What film starring a Colorado-connected actress still holds the record for most profitable porn movie of all time? That would be Deep Throat, the first adult film to debut in mainstream theatrical cinema, helping to bring the sexual revolution to the middle class and breaking box-office records upon its release back in June 1972, exactly fifty years ago. Star Linda Lovelace quietly lived out the last years of her life in metro Denver, dying from complications following a car accident in 2002 at the age of 53.
Damiano Films is now run by Deep Throat director Gerard Damiano’s children, Gerard Damiano Jr. and Christal Damiano, who are working to preserve and promote their father’s legacy in the porn industry. Damiano was the auteur of other films on the adults-only spectrum, from the nearly-as-famous The Devil in Miss Jones to the dubious achievement of what Damiano Films term a “cult classic” called Let My Puppets Come, which is exactly what it sounds like: muppet porn.
The festivities kick off on June 10 in New York City at the Roxy Cinema Tribeca with a 16mm screening and panel discussion among 1970s porn stars and historians. Deep Throat will also be featured in a month-long exhibit at NYC’s Museum of Sex called Porno Chic to Sex Positivity: Erotic Content & the Mainstream, 1960 Till Today.
Even if Lovelace were alive, it's doubtful she'd participate in the celebration, considering the arc of her short lifetime, in which she moved from porn star to porn defender to anti-porn activist to attending porn conventions and signing autographs, a journey recorded in her own words in four separate autobiographies from 1974, 1980 and 1986. Her porn career comprises only six films in as many years, from 1969 to 1975. And in 1986, Lovelace testified before the Meese Commission on Pornography, when she stated: “When you see the movie Deep Throat, you are watching me being raped.”
Therapist and author Judith Herman, known best for her book Trauma and Recovery, says that much of the behavior exhibited by Lovelace later in life suggests that she suffered from PTSD. But it remains unclear whether that condition was caused by her parents, the porn and prostitution experiences in her young adulthood, or both.
Born Linda Susan Boreman in the Bronx in 1949, Lovelace had a religious upbringing that included Catholic schools and the nickname “Miss Holy Holy” due to her youthful aversion to sex and even physical contact. Her father was a largely absent New York City policeman, her mother a distant and domineering waitress; when her father retired from the force in 1965, the family moved to Florida, where a few years later the unmarried Lovelace gave birth to a baby. Lovelace put that child up for adoption, but wrote years later that her mother had tricked her into signing away her rights on papers she didn’t read.
But here's where it gets complicated: Until the end of her life, Lovelace never really wavered on the claim that she’d been forced to do all she did in the porn industry, and all that goes with it. Her films after Deep Throat played off her fame from that first flick, never rising to the original’s level of success — and definitely not its level of cultural acceptance. Contemporaries of Lovelace report not having any clue that Lovelace was being forced into anything, though some agree that Traynor was abusive behind closed doors. The attitude of many was summed up by fellow ’70s porn star and later porn advocate Gloria Leonard, who said that “this was a woman who never took responsibility for her own choices made, but instead blamed everything that happened to her in her life on porn.”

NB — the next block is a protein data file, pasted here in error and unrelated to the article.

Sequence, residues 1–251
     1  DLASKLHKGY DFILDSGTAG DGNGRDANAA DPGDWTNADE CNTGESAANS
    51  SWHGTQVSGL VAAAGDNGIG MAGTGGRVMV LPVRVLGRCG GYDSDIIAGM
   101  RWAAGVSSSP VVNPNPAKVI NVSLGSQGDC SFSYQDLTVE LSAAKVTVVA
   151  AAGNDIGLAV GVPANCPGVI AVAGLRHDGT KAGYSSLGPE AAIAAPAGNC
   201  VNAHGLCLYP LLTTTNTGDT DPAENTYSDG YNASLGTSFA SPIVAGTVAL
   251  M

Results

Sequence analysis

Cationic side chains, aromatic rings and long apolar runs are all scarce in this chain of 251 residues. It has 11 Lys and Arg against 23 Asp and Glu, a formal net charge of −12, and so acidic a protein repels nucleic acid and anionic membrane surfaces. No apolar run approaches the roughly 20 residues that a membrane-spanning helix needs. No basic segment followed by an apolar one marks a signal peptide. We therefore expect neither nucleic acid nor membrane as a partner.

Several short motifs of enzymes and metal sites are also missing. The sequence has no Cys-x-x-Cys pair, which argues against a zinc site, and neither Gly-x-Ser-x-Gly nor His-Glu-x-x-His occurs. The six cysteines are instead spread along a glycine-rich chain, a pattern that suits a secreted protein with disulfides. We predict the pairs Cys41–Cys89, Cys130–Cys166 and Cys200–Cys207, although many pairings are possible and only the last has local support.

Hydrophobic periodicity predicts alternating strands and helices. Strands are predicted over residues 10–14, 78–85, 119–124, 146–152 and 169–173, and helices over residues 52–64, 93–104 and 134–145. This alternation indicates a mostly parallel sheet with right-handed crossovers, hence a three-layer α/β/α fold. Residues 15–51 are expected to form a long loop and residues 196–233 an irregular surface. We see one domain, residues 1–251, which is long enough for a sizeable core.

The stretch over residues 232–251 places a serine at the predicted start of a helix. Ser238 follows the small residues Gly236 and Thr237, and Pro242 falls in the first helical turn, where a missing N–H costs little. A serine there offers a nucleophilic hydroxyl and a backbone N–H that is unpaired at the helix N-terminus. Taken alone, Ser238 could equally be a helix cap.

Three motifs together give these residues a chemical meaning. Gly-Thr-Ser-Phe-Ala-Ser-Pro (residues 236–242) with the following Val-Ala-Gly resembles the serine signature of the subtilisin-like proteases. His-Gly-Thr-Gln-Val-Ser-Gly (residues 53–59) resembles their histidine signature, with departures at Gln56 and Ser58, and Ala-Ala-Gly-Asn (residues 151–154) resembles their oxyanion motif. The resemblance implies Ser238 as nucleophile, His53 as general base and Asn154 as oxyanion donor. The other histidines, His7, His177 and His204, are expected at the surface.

In her two autobiographies from 1974, Lovelace defends porn and the right to sexual expression, painting herself as a champion of free speech and free love. By 1976, she’d survived heavy drug use and had been born again; she had to be replaced on the film Forever Emmanuelle because she reportedly refused to do any nude scenes.
Lovelace divorced Traynor in 1975 and married a blue-collar cable installer named Larry Marchiano in 1976. They had two kids — the first in 1977, the second in 1980. That was the year her third autobiography was released. This one, titled Ordeal, was a 180-degree turn from her pro-porn earlier years, and Lovelace went into great detail as to how much of what she did was either metaphorically or literally at gunpoint: porn, rape, prostitution, everything. For most of the early ’80s, she teamed up with several feminist activists connected to Women Against Pornography (WAP), including Gloria Steinem. She would later disavow her relationship with WAP, claiming that once again, she was being used by others for their own agendas.
It was in 1990 that Lovelace made her way to Denver with her husband and two children, Marchiano's drywall business having failed. The couple divorced in 1996, but the two remained in touch until Lovelace's passing six years later; the family still resides in the Denver area today.
After her second divorce, and probably at least in part for financial reasons, Lovelace was back on the porn convention circuit, signing autographs and meeting fans to help make ends meet. But in those last years, she seemed content with all she’d been through and how she managed to come out on the other side. In a 1997 interview on Entertainment Tonight, she summed it all up: “I look in the mirror and I look the happiest I’ve ever looked in my entire life. I’m not ashamed of my past or sad about it. And what people might think of me, well, that’s not real. I look in the mirror and I know that I’ve survived.”
America never got to know the real Linda; we only knew the character, the performer. But perhaps the fiftieth anniversary of Deep Throat will finally show her some respect.
And not just provide another example of Linda Lovelace being used for someone else’s gratification.